Also discuss financial impacts on child care, non-COVID health issues
BEND, Ore. (KTVZ) --Deschutes County commissioners and health officials talked Wednesday about how the county appears to be showing signs of improvement related to COVID-19. However, they said there is still much work to be done, and continued caution is warranted.
Dr. George Conway, the county’s health services director, said the rate of positive cases in Deschutes County is not accelerating. He said as of Wednesday, 63 of the 80 people who tested positive have recovered from COVID-19. Commissioner Patty Adair said that is a good sign.
Justin Sivill, Summit Medical Group’s chief operating officer, said Summit is receiving a steady volume of 200 to 300 standard tests per week, with a three- to four-day turnaround for results. He said he hopes to get at least 100 rapid COVID-19 tests per week.
Sivill said he still wants to distribute tests to high-risk patients first, because of the limited supply.
“Our big concern right now is how many people have delayed care for things that aren’t related to COVID,” Sivill said. “I think, in our clinic, we’re starting to see a lot of the negative outcomes of that.”
“The other problems we’re trying to beat back are syphilis, TB, gonorrhea, etc.,” Conway said. “None of them are kept at bay by COVID, so that means we’re accruing additional non-COVID problems.”
County commissioners said they may consider hiring additional testing and tracing staff to help prevent a rise in COVID-19 cases.
NeighborImpact and the city of Bend brought up the significant need for adequate child care in the county, especially during the pandemic.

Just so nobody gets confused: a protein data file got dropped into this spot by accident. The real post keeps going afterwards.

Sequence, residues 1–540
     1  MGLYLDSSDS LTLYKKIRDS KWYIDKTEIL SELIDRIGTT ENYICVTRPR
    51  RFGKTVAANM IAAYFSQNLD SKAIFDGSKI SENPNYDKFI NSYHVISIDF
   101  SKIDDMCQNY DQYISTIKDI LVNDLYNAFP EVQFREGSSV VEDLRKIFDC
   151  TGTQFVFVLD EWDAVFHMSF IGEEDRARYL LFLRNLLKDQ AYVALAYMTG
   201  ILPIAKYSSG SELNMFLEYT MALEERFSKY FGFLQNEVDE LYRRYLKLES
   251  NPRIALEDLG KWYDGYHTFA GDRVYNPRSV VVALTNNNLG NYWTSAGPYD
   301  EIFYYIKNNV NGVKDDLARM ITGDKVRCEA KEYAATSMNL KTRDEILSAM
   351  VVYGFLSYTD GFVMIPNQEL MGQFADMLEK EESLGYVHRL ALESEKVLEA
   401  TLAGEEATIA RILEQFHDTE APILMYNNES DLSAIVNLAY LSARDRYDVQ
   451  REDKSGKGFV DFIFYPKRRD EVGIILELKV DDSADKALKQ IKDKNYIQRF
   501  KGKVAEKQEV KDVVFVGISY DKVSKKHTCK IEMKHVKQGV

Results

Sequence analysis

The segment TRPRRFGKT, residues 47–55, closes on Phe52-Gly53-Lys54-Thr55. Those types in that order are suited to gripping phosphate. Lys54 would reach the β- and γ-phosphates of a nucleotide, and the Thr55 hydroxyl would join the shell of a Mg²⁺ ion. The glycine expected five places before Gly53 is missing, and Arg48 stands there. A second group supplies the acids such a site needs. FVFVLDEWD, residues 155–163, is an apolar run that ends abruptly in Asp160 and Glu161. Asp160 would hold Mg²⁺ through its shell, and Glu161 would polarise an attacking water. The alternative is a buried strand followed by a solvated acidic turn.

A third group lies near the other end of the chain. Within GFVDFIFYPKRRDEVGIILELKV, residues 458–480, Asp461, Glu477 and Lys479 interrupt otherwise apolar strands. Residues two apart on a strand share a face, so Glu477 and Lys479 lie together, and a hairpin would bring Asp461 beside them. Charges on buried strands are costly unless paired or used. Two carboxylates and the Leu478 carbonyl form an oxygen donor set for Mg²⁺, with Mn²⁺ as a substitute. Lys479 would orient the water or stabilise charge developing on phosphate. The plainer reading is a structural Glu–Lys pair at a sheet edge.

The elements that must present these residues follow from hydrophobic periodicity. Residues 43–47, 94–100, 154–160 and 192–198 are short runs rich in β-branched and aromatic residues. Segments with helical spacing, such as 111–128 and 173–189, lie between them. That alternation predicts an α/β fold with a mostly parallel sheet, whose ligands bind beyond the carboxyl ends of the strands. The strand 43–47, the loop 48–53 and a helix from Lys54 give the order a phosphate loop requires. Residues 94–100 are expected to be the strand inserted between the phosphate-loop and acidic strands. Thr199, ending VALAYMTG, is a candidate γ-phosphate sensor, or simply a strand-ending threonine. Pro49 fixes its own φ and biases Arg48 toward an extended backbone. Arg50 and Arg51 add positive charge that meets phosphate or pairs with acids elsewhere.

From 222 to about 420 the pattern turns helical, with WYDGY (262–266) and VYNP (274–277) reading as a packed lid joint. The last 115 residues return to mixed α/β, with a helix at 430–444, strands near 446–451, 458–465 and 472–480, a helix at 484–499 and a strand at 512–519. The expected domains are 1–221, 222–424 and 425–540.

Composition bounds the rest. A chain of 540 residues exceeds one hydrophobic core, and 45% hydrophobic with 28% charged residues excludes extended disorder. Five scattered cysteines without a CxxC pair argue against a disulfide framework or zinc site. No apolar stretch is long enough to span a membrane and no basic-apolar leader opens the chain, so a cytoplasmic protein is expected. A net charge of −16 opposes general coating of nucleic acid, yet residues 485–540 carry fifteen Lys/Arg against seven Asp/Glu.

Sheriff's Sgt. Nathan Garibay, the county’s emergency services manager, said there are 40 star-rated child care facilities in Deschutes County operating as “emergency child care centers.”
“The concern is that these have been operating and not meeting operational costs are at risk of losing these providers,” Garibay said. “That would add to the already-identified deficit in child care.”
Garibay, along with Carolyn Eagan, the city of Bend’s economic development manager, requested authorization to provide $200,000 to NeighborImpact for the support of child care providers during the pandemic.
“This is a matter of keeping the lights on, keeping cleaning supplies available for children, and making sure there are meals for these children,” Eagan said.
Commissioners acknowledged the need for funding, on the condition that the city of Bend match the grant. The county has not yet decided on a fixed dollar amount, but Eagan said the grants for each child care provider falls between $3,000 and $6,000, based on their needs.
Commissioners also discussed the short-term rental ban, which is set to expire next Friday, at the meeting.
Commissioner Tony DeBone said he supports lifting the ban, although he said he is unsure how short-term rentals could be affected by Gov. Kate Brown’s order discouraging non-essential travel. (The governor is releasing more details of reopening plans and guidelines at a news conference Thursday.)
During a discussion later Wednesday with Bend city councilors, Conway said he knows well the challenges faced in a community heavily dependent on tourism, but that based on where things stand now and the continued potential spread of the virus, "We certainly would recommend doing everything possible to delay having a large volume of visitors."